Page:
Climate change adaptation needs to be part of national development planning

Policymakers need to better integrate strategies for dealing with climate change into their country’s development plans, rather than leaving them isolated as stand-alone policies and projects.

31 October 2012
A woman tends an irrigation channel in the Bolivian ‘altiplano,’ or highlands.

A woman tends an irrigation channel in the Bolivian ‘altiplano,’ or highlands. Such techniques can help provide water for crops as rainfall in the region becomes more erratic. Photo: Copyright, Kate Lee

At last year’s Conference of Parties to the UN Framework Convention on Climate Change, countries decided that “comprehensive, iterative assessments of development needs and climate vulnerabilities”[1] should form the basis for national climate adaptation programmes. But to do this, national and local planners must overcome a series of barriers both within and beyond their national borders.

These were among the lessons that emerged when planners from the governments of Gambia, Ghana, Ethiopia, Eritrea, Kenya, Uganda, Tanzania, Mozambique and Bangladesh met in Tanzania from 15-19 October. They had gathered for an event that the International Centre for Climate Change Adaptation and Development (ICCCAD) organised to help countries ensure that climate change features in all levels of planning, from local to national and across all sectors and timeframes.

In policy jargon, this is called ‘mainstreaming’ and it is becoming a very important, if highly specialised, area. Mainstreaming matters because climate change is a special kind of policy problem – in effect, a moving and growing target.

In planning for climate change, policymakers must make decisions today about hard-to-predict futures. They must allocate scarce resources to sectors that compete for attention, avoid actions that make future adaptation harder to achieve, and – importantly – measure what works and what doesn’t. And they must do all of this in the face of a continual rise in global greenhouse gas emissions, which spells yet more climate change to come.

At the Tanzania event, staff from the ministries of planning and finance and key sectors, including agriculture and environment, came together to make sense of these challenges. They focused on the institutions, information and finance needed, and the methods they could use to assess how effectively policy choices are implemented.

The participants concluded that a collection of adaptation projects – no matter how wide – will not adequately address the climate change challenges they face. Instead, governments will need to bring climate change into all development planning at national and local levels and base their responses on both development needs and climate vulnerability – not just on narrow assessments of climate risks to productive sectors.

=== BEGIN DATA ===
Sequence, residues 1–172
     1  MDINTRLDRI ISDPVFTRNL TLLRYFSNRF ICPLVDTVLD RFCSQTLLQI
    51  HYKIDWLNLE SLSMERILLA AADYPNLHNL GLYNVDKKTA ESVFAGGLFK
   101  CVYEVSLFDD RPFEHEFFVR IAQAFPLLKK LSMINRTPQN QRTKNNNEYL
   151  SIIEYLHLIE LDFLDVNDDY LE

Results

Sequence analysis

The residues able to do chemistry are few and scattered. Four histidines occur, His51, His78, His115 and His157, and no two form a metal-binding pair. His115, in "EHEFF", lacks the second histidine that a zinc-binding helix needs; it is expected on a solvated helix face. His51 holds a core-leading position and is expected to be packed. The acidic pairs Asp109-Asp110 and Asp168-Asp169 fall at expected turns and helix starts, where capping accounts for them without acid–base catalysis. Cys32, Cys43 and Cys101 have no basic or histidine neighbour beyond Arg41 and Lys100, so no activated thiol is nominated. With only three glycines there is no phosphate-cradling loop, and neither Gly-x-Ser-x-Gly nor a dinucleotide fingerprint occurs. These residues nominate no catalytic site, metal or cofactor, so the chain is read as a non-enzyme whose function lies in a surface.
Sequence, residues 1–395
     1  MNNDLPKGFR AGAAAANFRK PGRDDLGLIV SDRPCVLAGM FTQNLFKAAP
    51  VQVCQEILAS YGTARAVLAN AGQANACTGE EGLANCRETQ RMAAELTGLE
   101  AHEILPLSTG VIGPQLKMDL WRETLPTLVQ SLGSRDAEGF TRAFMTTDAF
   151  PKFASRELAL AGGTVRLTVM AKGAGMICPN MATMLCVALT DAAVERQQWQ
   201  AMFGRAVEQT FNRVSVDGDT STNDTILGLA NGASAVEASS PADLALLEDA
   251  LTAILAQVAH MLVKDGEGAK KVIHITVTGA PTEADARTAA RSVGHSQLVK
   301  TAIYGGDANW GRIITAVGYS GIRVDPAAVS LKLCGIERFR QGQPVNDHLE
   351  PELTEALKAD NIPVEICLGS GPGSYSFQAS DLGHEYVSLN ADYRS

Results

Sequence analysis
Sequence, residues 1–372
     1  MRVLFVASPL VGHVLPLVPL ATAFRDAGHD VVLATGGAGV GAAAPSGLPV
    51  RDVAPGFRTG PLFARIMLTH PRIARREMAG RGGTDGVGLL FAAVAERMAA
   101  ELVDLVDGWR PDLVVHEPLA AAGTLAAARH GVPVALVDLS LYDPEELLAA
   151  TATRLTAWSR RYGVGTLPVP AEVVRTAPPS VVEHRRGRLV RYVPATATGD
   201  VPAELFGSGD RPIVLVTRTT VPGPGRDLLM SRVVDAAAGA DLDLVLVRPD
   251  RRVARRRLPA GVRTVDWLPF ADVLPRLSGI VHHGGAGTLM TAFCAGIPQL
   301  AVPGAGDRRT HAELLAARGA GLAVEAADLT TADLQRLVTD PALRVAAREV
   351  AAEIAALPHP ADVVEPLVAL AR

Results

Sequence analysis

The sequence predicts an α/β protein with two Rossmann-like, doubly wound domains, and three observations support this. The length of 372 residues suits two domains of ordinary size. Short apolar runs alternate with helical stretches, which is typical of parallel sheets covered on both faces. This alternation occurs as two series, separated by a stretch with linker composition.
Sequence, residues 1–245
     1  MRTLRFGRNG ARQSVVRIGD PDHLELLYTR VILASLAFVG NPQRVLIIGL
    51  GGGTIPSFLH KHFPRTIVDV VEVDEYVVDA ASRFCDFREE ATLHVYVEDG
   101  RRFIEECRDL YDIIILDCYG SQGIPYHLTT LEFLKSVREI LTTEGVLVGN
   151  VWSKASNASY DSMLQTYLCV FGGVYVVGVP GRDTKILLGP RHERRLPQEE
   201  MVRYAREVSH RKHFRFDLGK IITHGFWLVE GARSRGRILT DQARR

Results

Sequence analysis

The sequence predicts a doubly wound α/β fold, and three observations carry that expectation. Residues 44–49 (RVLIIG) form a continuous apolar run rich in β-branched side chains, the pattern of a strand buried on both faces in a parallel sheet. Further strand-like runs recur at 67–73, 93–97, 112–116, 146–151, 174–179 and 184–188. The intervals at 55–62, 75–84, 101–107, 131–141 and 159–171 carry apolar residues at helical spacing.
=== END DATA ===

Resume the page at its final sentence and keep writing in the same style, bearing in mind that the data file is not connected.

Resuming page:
They also stressed the need to critically assess existing responses to climate change that governments and development partners have made. This would require a framework that allows analysts to compare interventions and assess returns on investment.

Overcoming knowledge, co-ordination and budgetary barriers

For mainstreaming to really take over though, government planners must overcome barriers. These include a weak knowledge base about climate change and its effects, poor co-ordination among government ministries, and budgets that are not big enough to implement responses to climate change.

As well as these constraints, the course participants identified long delays in accessing funds from global climate support programmes and the overheads imposed by the multi-lateral agencies involved.

They said developing countries should have direct access to international climate finance and should establish national implementing entities to draw down the resources. This would make it easier to pool funds from different sources through a national fund, and then to target resources at nationally and locally agreed priorities. The meeting provided plenty of evidence that developing countries are gearing up national systems to better face climate change challenges in the future.

Participants from the course in Tanzania, together with those who took the same course last year in Bangladesh, have now formed a network of climate change planners across more than 20 nations to continue to share their knowledge and experiences.

Although no funds have been committed yet, the advent of the Green Climate Fund means developing countries – including those represented at the workshop – are set to access significant finance with which to respond to climate change. The challenge will be to do so in ways that address development needs and climate vulnerability at the same time, and that’s what makes mainstreaming matter most.

[1] Note: Section III of the COP 17 Annex “Initial guidelines for the formulation of national adaptation plans by least developed country Parties” sets out the agreed invitation to developing country Parties that are not least developed country Parties to employ the modalities for national adaptation plans.

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